[3] An example of this is resentment, which is a particularly negative expression of anamnésis that is widely attested in American culture. Resentment is a pathological compulsion to re-actualize ourselves now inside of a powerfully negative experience we suffered back then. We make ourselves re-live it, over and over again, as the Oxford English Dictionary defines it, “a sense of grievance; an indignant sense of injury or insult received, or perceived; a feeling of ill will, bitterness, or anger against a person or thing.” It is not wrong of us to feel the fact a terrible, cruel, brutalizing experience of evil forced on us. It would be outside of the truth of things to ignore our appropriate reaction to harm done to us. But to get ourselves into the habit of “re-actualizing” that negative experience over and over again is dangerous to the soul.

[4] It is difficult, if not impossible, to describe how one feels when experiencing what we called as kids, and still do, the “northern lights.” It is not what I would call a mystical experience, but it might be what God decided to use as an example if He were trying to explain to me the depth and beauty He experiences in people we call “mystics.”

[5] C.S. Lewis, “Bluspels and Flalansferes: a Semantic Nightmare,” p. 265, in his Selected Literary Essays (Cambridge: the University Press, 1969), pp. 251-265.

[6] The Sacrament can be correctly called the Sacrament of Confession (emphasizing the desire of the penitent to praise God for His faithfulness, to acknowledge His greater goodness and mercy, expressing the “reason,” if you will, why he or she trusts God) or of Penance (emphasizing the penitent’s willingness, after the Sacrament, to “make good” on any damage his or her action has caused self or others) or of Reconciliation (emphasizing the power of God working in the penitent to bring about the purpose of the Sacrament – reconciliation, which is a key aspect or mode of the Redemption). I have always preferred Confession as the name for the Sacrament.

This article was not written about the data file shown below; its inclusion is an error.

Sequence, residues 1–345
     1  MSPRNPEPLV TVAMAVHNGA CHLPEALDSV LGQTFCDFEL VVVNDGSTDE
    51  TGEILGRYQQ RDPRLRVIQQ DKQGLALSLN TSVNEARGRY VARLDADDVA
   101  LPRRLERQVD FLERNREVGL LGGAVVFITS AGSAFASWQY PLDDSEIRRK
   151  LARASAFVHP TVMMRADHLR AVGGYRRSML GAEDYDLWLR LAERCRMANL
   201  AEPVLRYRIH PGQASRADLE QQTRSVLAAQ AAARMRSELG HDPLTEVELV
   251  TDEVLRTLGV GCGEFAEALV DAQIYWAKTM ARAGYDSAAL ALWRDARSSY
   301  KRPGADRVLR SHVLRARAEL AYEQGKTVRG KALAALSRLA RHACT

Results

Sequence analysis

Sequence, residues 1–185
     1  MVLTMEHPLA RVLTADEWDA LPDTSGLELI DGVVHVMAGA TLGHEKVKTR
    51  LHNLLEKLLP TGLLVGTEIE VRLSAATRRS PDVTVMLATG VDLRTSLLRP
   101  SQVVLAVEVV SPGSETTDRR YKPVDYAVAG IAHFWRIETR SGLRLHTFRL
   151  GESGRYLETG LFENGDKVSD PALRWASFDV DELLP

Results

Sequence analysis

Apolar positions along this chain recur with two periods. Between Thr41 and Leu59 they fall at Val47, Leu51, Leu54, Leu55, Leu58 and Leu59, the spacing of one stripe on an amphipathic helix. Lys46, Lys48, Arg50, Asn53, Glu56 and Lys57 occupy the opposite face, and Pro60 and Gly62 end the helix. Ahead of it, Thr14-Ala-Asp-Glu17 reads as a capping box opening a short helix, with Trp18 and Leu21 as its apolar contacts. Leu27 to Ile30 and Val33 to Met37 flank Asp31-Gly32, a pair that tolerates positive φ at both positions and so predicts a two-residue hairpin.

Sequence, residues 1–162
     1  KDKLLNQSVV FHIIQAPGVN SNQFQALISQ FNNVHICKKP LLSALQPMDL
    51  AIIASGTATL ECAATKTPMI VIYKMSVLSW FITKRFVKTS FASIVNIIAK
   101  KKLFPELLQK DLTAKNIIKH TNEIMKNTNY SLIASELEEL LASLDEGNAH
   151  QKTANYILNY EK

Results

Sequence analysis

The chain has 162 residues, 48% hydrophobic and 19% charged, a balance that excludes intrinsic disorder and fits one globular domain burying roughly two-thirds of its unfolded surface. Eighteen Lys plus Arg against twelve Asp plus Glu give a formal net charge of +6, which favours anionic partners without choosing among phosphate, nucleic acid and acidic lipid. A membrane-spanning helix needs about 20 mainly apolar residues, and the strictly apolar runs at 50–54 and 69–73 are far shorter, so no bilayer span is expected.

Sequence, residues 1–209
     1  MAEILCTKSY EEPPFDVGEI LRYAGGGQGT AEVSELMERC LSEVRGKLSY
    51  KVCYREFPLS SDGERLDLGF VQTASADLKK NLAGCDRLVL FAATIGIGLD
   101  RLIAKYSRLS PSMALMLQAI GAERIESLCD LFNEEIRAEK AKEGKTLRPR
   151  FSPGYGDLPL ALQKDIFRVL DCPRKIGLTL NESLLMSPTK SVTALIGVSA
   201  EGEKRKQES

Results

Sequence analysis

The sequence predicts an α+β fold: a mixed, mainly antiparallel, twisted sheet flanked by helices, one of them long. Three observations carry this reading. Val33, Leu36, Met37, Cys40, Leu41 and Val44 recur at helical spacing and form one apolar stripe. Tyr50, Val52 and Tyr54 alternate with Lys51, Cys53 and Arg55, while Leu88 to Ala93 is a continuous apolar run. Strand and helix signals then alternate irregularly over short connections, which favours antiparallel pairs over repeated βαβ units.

[7] C.S. Lewis, “Bluspels and Flalansferes: a Semantic Nightmare,” p. 265, in his Selected Literary Essays (Cambridge: the University Press, 1969), pp. 251-265.

[8] New American Bible, Revised Edition. (Washington, DC: The United States Conference of Catholic Bishops, 2011), 1 Th 2:13.

* Through the law I died to the law: this is variously explained: the law revealed sin (Rom 7:7–9) and led to death and then to belief in Christ; or, the law itself brought the insight that law cannot justify (Gal 2:16; Ps 143:2); or, the “law of Christ” (Gal 6:2) led to abandoning the Mosaic law; or, the law put Christ to death (cf. Gal 3:13) and so provided a way to our salvation, through baptism into Christ, through which we die (crucified with Christ; see Rom 6:6). Cf. also Gal 3:19–25 on the role of the law in reference to salvation.

6:14; Rom 6:6, 8, 10; 7:6.

1:4; Rom 8:10–11; Col 3:3–4.

[9] New American Bible, Revised Edition. (Washington, DC: The United States Conference of Catholic Bishops, 2011), Ga 2:19–20.

[10] It is worth recalling that for many centuries, “new year day” coincided with the solemnity feast of the Incarnation, with March 25th, which date was understood to be the day when the Archangel Gabriel came to Mary and asked her a question, to which she replied, “Let it be done to me according to your word.” (Luke 1:38). But now for some centuries our Christian “new year day” is the First Sunday of Advent, which begins at the setting of the Sun on the evening before, on Saturday evening.

Samuel Zeller